PNM must do right by Four Corner communities, citizens and workers

photo of solar workers

A major tenet of our work over the past decade has been that coal-fired power plants in the Four Corners region have exerted an enormous toll on human public health and natural systems (air, water, land). It is now apparent that coal-fired power plants can no longer compete economically and the retirement of the San Juan Generating Station in Waterflow, New Mexico is forthcoming sooner than thought. As San Juan Generating Station closes down, it is essential that our communities seek an orderly transition to a diversified economy more reliant on sustainable energy, particularly solar.

This will require community leadership, exemplified in this OpEd by one of our longtime members, Gordon Glass. This originally appeared here in the Farmington Daily Times on January 28th.


To the Editor:

As a longtime citizen of Farmington interested in the continued wellbeing of our families and communities, I have been involved in many discussions and meetings with respect to our energy economy and our environment. There has been a tendency to divide these two issues, and to create tension rather than resolution to challenges we face.

There are two bills in the 2018 New Mexico Legislative Session, House Bill 80 and Senate Bill 47 for Public Service Company of New Mexico (PNM) titled “the Energy Redevelopment Bond Act”. The House Bill is sponsored by Rod Montoya of San Juan County and Bobby Gonzales of Taos County. The Senate Bill is sponsored by Steve Neville of San Juan County and Jacob Candelaria of Bernallilo County. I want to make sure that our community is aware of these fast moving bills in the short 30-day legislative session.

These bills confirm that PNM is closing the San Juan Generating Station (coal plant) in the Four Corners area piece by piece, with a final shutdown scheduled for 2022. The impact of the coal plant retirement to Farmington will be severe. As New Mexico’s single largest polluter, it’s time that the San Juan coal complex be shut down – but our communities need a just and orderly transition away from coal. PNM’s reason for shutting the San Juan Generating Station is based on economic factors.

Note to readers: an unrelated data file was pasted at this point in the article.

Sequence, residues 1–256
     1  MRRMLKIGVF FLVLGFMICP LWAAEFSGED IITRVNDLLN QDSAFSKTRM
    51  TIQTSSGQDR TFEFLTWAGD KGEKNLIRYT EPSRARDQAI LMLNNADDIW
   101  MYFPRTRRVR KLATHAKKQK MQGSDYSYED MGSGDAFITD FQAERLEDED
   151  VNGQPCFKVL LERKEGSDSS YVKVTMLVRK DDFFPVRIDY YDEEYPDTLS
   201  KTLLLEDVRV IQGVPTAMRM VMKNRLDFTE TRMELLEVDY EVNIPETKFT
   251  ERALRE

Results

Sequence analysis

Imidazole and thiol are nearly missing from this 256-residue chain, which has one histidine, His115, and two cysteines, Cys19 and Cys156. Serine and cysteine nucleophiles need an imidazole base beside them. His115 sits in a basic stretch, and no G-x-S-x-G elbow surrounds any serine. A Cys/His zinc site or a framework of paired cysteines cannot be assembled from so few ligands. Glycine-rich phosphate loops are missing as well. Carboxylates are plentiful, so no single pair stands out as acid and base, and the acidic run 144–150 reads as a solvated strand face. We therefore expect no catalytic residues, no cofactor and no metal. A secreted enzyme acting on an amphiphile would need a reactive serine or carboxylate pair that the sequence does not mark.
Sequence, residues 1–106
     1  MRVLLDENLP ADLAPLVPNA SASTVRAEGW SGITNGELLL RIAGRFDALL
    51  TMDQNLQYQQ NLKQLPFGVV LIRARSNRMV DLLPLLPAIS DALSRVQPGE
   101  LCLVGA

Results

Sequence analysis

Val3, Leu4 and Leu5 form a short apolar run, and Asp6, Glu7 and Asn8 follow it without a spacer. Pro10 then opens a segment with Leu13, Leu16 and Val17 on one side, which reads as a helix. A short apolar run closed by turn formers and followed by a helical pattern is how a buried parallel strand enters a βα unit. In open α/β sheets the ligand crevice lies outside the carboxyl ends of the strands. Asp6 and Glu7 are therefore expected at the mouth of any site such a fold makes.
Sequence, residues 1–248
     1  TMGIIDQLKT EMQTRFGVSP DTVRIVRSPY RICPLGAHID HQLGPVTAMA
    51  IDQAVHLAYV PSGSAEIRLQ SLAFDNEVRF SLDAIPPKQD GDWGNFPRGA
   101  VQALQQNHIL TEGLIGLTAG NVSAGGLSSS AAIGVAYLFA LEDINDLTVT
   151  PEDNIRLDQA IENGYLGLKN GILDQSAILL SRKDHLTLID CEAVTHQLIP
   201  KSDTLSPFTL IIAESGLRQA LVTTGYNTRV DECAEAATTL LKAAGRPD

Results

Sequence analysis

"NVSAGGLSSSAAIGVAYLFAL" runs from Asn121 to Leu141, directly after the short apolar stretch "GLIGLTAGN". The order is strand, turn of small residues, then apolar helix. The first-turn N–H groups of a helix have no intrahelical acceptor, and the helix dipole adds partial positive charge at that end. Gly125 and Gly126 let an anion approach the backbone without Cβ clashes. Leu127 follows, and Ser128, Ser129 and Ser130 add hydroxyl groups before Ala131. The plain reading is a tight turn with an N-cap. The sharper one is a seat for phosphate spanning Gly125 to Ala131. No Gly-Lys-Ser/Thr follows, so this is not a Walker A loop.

PNM’s bills protect PNM’s losses from the plant, but, do not do justice for other impacted parties–the families who work in the plant, the families who live in the Four Corners area and are deeply impacted by the closure, local cities, San Juan County, and Central Consolidated Schools, who stand to lose millions of dollars in property tax and related revenue. In addition, Dine College and San Juan College should receive additional resources for job retraining and further education, including renewable energy.

In exchange for PNM being able to recover its losses, there are three things the company should do in exchange, to do right by communities in the Four Corners area and citizens/ratepayers in other parts of the state.

First, PNM should use some of the proceeds from the bills to assist with the economic transition that this region needs. That means PNM should provide direct financial assistance to San Juan County communities; severance packages to families of Four Corners area coal workers, including long term health insurance; funding for job training in clean energy and new startups; and support for diversification in the Four Corners area.

Second, San Juan County has been a cornerstone of energy production for decades and there’s no reason to think we can’t still be. The Four Corners area is perfect for large scale solar energy, and we have an advantage that other places don’t: transmission capacity from the San Juan Generating Station. These bills need to include a mandate that the power generated from coal is replaced, in large part, by solar energy from this same area.

Lastly and importantly, PNM must ensure that citizens across New Mexico don’t bear the brunt of its poor business decisions.

There are efforts underway by civic leaders to revitalize our region through increased tourism and outdoor recreation opportunities, improving infrastructure, and market local amenities. These are great first steps to ensure a sustainable economy and future direction for the citizens of our region. The Energy Redevelopment Bond Act bills concern a monumental decision by PNM to close San Juan Generating Station. The 2018 legislative session may not provide adequate time for real consultation with our impacted communities in the Four Corners region.

If PNM and its bill sponsors are true to their word, they will provide resources for economic development, a commitment to solar power from the Four Corners, and an assurance that citizens/ratepayers aren’t harmed as part of their proposed legislation. Otherwise, northwestern New Mexico families will suffer.

Gordon Glass
San Juan Citizens Alliance Member

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